Date & Time: November 29, 2022, Tuesday, 15:00-17:00
Venue: Inamori Memorial Building Room 201 (Tonantei) Center for Southeast Asian Studies Kyoto University
Speaker: Dr. Paul Nadal, Assistant Professor, Princeton University
Reading Remittances, Reading Literature
Focusing on the Philippine labor diaspora, this paper proposes a framework for reading the mediation between literature and remittances, or the cash transfers that Filipino migrants send home. Whereas the World Bank defines “remittances” as “the portions of international migrant workers’ earnings that are sent back to family members in their countries of origin,” the literature produced in and about the Philippine labor diaspora extends the term to mean not just the economic instrumentalities by which migrants send cash, but also the historical determinations of labor, time, and value that enable these cross-border exchanges to take place. Through close readings of recent fiction, my paper excavates these historically meaningful dimensions of remittances and argues that “reading remittances, reading literature” elaborates the symbolic associations of obligation, reciprocity, and power of remittances that political economy does not theorize but that Philippine literature in English does.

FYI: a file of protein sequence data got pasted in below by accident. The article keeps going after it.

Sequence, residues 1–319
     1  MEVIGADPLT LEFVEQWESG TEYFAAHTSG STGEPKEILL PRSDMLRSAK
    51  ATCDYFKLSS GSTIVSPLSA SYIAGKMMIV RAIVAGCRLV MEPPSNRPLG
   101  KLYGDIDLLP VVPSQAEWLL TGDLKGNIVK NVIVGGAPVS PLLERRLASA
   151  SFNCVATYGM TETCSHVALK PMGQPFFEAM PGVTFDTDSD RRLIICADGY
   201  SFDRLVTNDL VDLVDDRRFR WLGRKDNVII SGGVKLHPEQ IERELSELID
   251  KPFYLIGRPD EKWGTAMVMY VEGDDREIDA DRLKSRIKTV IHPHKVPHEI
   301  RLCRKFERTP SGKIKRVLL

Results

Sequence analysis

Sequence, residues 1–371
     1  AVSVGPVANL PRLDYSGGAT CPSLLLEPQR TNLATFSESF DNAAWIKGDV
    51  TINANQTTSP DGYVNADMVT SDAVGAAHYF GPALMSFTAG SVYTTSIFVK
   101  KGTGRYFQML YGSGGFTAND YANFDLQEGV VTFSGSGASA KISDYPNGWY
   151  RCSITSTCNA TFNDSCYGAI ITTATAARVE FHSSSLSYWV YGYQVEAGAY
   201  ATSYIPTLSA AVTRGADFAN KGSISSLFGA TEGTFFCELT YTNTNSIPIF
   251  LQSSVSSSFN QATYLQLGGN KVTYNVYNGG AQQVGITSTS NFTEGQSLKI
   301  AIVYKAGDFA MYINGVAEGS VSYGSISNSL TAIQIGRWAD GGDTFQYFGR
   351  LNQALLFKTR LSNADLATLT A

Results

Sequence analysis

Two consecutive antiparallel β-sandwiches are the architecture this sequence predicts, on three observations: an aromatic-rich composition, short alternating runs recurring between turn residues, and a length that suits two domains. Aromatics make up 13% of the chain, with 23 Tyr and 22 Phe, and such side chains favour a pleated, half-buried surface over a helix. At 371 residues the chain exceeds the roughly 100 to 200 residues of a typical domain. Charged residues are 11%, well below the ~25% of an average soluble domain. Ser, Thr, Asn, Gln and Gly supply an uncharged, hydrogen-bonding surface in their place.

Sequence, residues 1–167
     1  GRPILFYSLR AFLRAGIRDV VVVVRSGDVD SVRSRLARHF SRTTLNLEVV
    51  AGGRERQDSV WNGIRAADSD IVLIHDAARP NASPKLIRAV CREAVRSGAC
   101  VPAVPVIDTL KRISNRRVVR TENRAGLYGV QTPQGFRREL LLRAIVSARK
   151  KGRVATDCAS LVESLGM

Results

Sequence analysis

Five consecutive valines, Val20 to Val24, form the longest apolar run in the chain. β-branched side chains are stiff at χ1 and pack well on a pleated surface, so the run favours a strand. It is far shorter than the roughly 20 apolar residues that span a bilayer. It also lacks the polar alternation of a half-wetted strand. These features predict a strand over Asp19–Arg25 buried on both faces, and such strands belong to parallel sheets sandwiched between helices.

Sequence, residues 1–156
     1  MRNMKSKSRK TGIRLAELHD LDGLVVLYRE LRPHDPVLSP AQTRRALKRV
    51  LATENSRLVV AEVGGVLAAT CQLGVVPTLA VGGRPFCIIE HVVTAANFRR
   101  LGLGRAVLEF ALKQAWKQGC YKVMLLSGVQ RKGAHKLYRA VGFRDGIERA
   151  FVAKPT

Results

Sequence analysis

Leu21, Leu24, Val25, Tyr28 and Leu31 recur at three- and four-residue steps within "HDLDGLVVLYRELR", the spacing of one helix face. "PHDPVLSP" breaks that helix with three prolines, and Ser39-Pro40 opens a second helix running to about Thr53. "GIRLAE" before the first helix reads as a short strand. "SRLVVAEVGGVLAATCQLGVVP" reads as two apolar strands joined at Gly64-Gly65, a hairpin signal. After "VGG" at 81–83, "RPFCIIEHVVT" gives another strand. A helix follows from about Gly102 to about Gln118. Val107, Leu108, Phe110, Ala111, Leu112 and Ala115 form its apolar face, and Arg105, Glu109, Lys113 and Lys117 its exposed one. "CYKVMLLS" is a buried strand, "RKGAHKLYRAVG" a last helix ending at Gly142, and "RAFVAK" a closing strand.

About the speaker:
Paul Nadal is assistant professor of English and American studies at Princeton University. He is completing a book entitled Remittances, Literary and Economic, a study of the relation between novels and remittances in the Philippine labor diaspora and the role that English-language literary culture played in the remaking of the Philippines into a labor export economy. A chapter of the book project, “Cold War Remittance Economy: US Creative Writing and the Importation of New Criticism into the Philippines,” was published in American Quarterly and won the Best Essay Prize from the American Literature Association in 2021. He received his PhD in Rhetoric from the University of California at Berkeley.
This seminar will be held in person.